According to an old African proverb, “It takes a village to raise a child.” I never grasped the depth of this phrase until I had my own children. Before becoming a mom, I thought I could do it all on my own, especially with my husband and mom nearby, just in case I needed anything. As time went on, however, I quickly realized that not only did I need help in the everyday operations of motherhood, but also that I would not be the only person influencing my children’s character and personality development.
My husband has a big family, and they all live near one another in Albemarle, NC. If you have never been, this town boasts some of the most beautiful farm country in all the land. The fields are speckled with white cotton, tall corn, and sprouting soybeans. Old farmhouses, wheat silos, and crimson barns stand strong on the rolling hill, and remnants of textile mills remind passersby of the industry that sustained the once-bustling town. Albemarle is truly a piece of North Carolina’s history.
Though I’m terrible with recalling directions, I have a knack for remembering names (most of the time), so I wasn’t too overwhelmed when I met my husband’s family for the first time, but when we had our oldest son, I wondered how long it would take him to remember the faces and names of his family “down East”. We hung all of their pictures on a cork board in his room, and we would point to each family member and say their names so that each time we visited, he would know them.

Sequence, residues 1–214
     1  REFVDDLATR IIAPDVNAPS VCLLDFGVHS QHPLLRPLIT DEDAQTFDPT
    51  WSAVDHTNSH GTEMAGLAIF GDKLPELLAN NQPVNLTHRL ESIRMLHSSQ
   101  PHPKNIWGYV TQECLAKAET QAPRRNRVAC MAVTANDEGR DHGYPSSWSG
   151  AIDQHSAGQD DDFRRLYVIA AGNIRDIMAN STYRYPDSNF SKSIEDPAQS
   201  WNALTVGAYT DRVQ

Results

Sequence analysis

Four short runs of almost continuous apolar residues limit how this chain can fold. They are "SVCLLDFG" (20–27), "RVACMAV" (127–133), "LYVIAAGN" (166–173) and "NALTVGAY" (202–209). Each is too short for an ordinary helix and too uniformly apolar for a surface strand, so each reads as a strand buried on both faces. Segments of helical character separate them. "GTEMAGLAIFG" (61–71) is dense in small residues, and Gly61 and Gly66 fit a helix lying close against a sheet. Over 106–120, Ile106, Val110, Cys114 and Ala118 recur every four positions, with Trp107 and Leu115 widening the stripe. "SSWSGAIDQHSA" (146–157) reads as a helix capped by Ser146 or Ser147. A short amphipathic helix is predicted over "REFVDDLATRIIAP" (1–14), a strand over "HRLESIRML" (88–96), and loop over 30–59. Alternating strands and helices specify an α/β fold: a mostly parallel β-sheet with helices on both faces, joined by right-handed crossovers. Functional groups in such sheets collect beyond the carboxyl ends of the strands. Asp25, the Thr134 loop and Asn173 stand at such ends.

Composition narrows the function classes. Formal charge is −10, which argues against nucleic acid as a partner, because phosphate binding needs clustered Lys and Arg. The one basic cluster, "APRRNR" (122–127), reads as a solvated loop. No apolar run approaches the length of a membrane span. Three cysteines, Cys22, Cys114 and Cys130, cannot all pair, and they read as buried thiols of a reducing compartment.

Our boy did a pretty good job remembering their names, but before he even turned 3, he coined his own term for this side of our family. One day, out of the blue, he said, “When are we going to see the Albemarle people?” I chuckled a little to myself at his phrase, “the Albemarle people”, but somehow it stuck, and he still uses it to this day. Frankly, it is easier than rattling off ten or more names.
This past week, we went to the beach with the Albemarle people, and both of my boys had an absolute ball. I didn’t even really see our five-year old the entire week because he would rather hang our with our super cute nieces and nephew and their boyfriends/girlfriend. If he wasn’t with one of them, he was in MeMe’s lap or playing corn hole with Uncle Dean or otherwise playing with someone. Our two-year old is still a little attached to Mommy and Daddy, but it was clear he enjoyed his time because he would say things like, “Where is everybody?” or “I don’t want my nap-nap. I want to swim with everybody.”
As I watched both boys play and have fun all week, the African proverb kept running through my mind. It truly does take a village to develop a solid, well-rounded, grounded person. Though we Americans don’t technically live in villages any longer, the concept still remains. Not only will the Albemarle people influence my children, but so will my family, our friends, teachers, coaches, and church members. It feels good knowing that our boys have so many individuals surrounding them with love and that if they ever need anything, they will have no shortage of people to whom they can turn. As a mom, that makes me very, very happy.
Who’s in your child’s village?
The Albemarle People